.. note:: Use :ttag:`blocktrans` to pluralize translated strings.
.. templatefilter:: pprint
A wrapper around :func:`pprint.pprint` -- for debugging, really.
.. templatefilter:: random
Returns a random item from the given list.
For example::
{{ value|random }}
If ``value`` is the list ``['a', 'b', 'c', 'd']``, the output could be ``"b"``.
.. templatefilter:: removetags
Removes a space-separated list of [X]HTML tags from the output.
For example::
{{ value|removetags:"b span"|safe }}
If ``value`` is ``"<b>Joel</b> <button>is</button> a <span>slug</span>"`` the
output will be ``"Joel <button>is</button> a slug"``.
Note that this filter is case-sensitive.
If ``value`` is ``"<B>Joel</B> <button>is</button> a <span>slug</span>"`` the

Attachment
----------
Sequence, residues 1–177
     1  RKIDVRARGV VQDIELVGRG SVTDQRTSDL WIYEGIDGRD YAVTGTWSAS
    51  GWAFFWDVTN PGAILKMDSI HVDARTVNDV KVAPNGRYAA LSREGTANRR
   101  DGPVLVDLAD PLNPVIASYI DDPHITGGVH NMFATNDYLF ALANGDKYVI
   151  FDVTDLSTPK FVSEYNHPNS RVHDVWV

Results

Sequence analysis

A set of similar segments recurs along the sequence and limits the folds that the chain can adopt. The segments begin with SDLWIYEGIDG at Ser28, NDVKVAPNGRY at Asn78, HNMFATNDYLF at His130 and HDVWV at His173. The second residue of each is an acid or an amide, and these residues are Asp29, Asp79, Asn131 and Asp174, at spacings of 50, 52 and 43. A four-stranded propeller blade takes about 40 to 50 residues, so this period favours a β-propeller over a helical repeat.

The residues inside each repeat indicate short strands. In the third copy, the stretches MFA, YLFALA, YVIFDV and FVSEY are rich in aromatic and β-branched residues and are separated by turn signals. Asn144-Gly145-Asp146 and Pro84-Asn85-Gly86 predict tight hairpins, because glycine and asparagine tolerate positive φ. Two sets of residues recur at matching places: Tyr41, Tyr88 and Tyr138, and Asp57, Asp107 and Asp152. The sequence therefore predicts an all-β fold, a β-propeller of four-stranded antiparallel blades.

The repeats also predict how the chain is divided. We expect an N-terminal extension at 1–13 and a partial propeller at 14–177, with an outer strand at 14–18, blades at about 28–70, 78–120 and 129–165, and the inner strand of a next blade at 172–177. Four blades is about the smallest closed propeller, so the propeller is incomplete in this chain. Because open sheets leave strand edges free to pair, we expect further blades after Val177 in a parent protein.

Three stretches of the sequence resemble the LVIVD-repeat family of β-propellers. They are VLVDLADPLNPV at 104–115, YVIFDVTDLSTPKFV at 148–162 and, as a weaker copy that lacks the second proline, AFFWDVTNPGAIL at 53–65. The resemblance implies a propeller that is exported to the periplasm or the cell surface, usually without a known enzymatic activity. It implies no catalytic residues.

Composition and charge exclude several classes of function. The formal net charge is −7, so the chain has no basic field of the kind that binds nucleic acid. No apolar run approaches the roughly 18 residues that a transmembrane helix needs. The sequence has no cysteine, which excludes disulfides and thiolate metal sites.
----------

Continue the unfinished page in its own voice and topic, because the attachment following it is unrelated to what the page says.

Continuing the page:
output will be ``"<B>Joel</B> <button>is</button> a slug"``.
.. templatefilter:: rjust
Right-aligns the value in a field of a given width.
**Argument:** field size
For example::
"{{ value|rjust:"10" }}"
If ``value`` is ``Django``, the output will be ``" Django"``.
.. templatefilter:: safe
Marks a string as not requiring further HTML escaping prior to output. When
autoescaping is off, this filter has no effect.
.. note::
If you are chaining filters, a filter applied after ``safe`` can
make the contents unsafe again. For example, the following code
prints the variable as is, unescaped:
.. code-block:: html+django
{{ var|safe|escape }}
.. templatefilter:: safeseq
Applies the :tfilter:`safe` filter to each element of a sequence. Useful in
conjunction with other filters that operate on sequences, such as
:tfilter:`join`. For example::
{{ some_list|safeseq|join:", " }}
You couldn't use the :tfilter:`safe` filter directly in this case, as it would